12 3.2 Hilbert transform The Hilbert transform is useful for signal processing in echographic imaging, because with this transformation we can access to the envelop of a given signal. The Hilbert transform can be determine easily with the FFT. Indeed, if you calculate the FFT of a signal and put all the negative frequencies to 0 and do an IFFT (Inverse Fast Fourier Transform), then you have the Hilbert transform of the signal. By doing this to the signal presented in Fig. 10, we obtain the transform signal presented on Fig. 13. Figure 13: Hilbert transform of the signal presented on Fig. 10. Blue real part, green imaginary part and red modulus. 3.3 Basic echographic signal processing The most basic signal processing for echographic imaging is to filter the signal and extract the envelop of the filtered signal. So you make a FFT of the signal measured by the transducer and you filter ± 2 MHz around the central frequency of the transducer for example, lets say between 5.5 and 9.5 MHz for a transducer centered at 7.5 MHz. You can keep the positive frequency, so you put all frequency smaller than 5.5 and higher than 9.5 MHz to 0. By doing this you apply a square window on the signal, you can also apply an Hamming, Hanning or Blackmann window. The negative frequency are also put to 0 with this method so if you make an IFFT, you apply a Hilbert transform to the filtered signal. By taking the modulus so we access to the envelop of the filtered signal. Now we have to define the pixels of the image. For example we can say that a pixel as the same length that the wavelength λ of the acoustic wave, λ = c f (c = 1500 m.s 1 ). The time t needed to travelled a distance d is t = 2d (2 because the wave travelled back and forth) so if d = λ then c t = 26.7µs. At 640 MHz, it correspond to 171 time points. The value of pixel is then define by integrated the signal on 171 points. An echographic image show the value of the acoustic power in db, so to obtain this you just have to plot 20 log (s). Where s is the envelop of the filtered signal integrated on the adequate number of time points. 12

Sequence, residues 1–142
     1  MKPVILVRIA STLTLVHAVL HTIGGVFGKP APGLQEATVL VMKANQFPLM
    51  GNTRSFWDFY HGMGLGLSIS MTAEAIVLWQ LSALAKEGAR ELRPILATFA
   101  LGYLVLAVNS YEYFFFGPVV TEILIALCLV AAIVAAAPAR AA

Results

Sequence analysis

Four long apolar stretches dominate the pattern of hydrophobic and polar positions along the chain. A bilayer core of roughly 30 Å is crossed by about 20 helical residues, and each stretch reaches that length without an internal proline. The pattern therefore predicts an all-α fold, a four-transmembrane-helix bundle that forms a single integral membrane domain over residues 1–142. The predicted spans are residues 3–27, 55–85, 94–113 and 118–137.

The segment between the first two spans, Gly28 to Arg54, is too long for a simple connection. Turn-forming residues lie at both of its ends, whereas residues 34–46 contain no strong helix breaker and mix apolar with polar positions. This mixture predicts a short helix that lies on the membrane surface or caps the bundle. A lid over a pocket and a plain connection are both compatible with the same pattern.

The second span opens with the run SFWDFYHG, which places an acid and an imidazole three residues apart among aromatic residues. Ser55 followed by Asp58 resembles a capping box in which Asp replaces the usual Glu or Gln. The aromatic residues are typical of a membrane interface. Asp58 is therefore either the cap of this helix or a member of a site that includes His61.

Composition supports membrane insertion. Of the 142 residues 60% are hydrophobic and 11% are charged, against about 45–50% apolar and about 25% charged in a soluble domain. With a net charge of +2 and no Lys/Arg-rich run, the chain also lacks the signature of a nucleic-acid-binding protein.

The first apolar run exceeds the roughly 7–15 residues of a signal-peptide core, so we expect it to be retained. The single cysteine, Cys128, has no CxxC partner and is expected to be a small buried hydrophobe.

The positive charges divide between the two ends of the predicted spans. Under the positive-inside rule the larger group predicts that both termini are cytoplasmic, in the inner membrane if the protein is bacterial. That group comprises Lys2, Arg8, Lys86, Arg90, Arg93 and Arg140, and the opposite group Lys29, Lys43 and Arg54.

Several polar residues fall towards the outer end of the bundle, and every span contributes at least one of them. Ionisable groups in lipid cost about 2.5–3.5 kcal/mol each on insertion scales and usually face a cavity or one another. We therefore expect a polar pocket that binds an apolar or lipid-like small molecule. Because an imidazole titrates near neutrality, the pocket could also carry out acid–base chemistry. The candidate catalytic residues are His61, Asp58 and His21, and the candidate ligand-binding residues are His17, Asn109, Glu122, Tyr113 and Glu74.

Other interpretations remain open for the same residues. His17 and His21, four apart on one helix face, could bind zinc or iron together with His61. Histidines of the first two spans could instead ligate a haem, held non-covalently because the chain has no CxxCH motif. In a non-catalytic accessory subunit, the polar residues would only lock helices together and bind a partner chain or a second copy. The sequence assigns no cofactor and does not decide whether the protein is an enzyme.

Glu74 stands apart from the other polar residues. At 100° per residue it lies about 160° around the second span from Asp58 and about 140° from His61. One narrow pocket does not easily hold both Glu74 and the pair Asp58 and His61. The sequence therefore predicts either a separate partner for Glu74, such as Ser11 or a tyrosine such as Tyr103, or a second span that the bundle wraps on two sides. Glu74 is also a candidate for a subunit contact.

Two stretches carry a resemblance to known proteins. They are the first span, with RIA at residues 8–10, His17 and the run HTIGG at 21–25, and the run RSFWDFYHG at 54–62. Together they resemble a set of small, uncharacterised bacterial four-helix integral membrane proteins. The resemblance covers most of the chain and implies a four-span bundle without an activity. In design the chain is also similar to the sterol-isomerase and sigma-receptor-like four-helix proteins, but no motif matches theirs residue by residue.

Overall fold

13 Annexes A ADC In this appendix, we make a quick introduction to Analogical Digital Converter. This component is one of the most important in an echographic probe, so it is necessary to understand how does it work. As its name suggest, an ADC convert the algebrical value of the tension of a signal to a digital signal. To remember, a digital signal is a binary signal, the 0 correspond to 0 V, the low value and 1 correspond to high value (5 V for example). In a computer or smartphone, all the treatment are made in the digital form, so it is necessary to convert the analogical signal measured on the transducer to a digital signal. An ADC is characterized by its sampling rate expressed in sampling per second (Sps) and its precision n. The sampling rate define the number of time it convert a signal per second. The precision define on how many bites the digital number is written, so the ADC sample the signal on 2 n values. An ADC is supply with a given continuous current V cc. So the ADC sampling of the analogical are 2 n value equally space between V cc (or 0V) and +V cc. The precision p of the ADC is then: p = 2V cc 2 n 1. (8) So if we have V cc = 5 V on a 8 bites ADC (n = 8), then the precision is then 39.2 mv. Now consider than the output k of the ADC is an unsigned integer (this mean that the output is 0 to 255) then the voltage V m of the analogical signal is: V m = V cc + kp, (9) so if k = 23 then the analogical signal is 4.1 V high. 13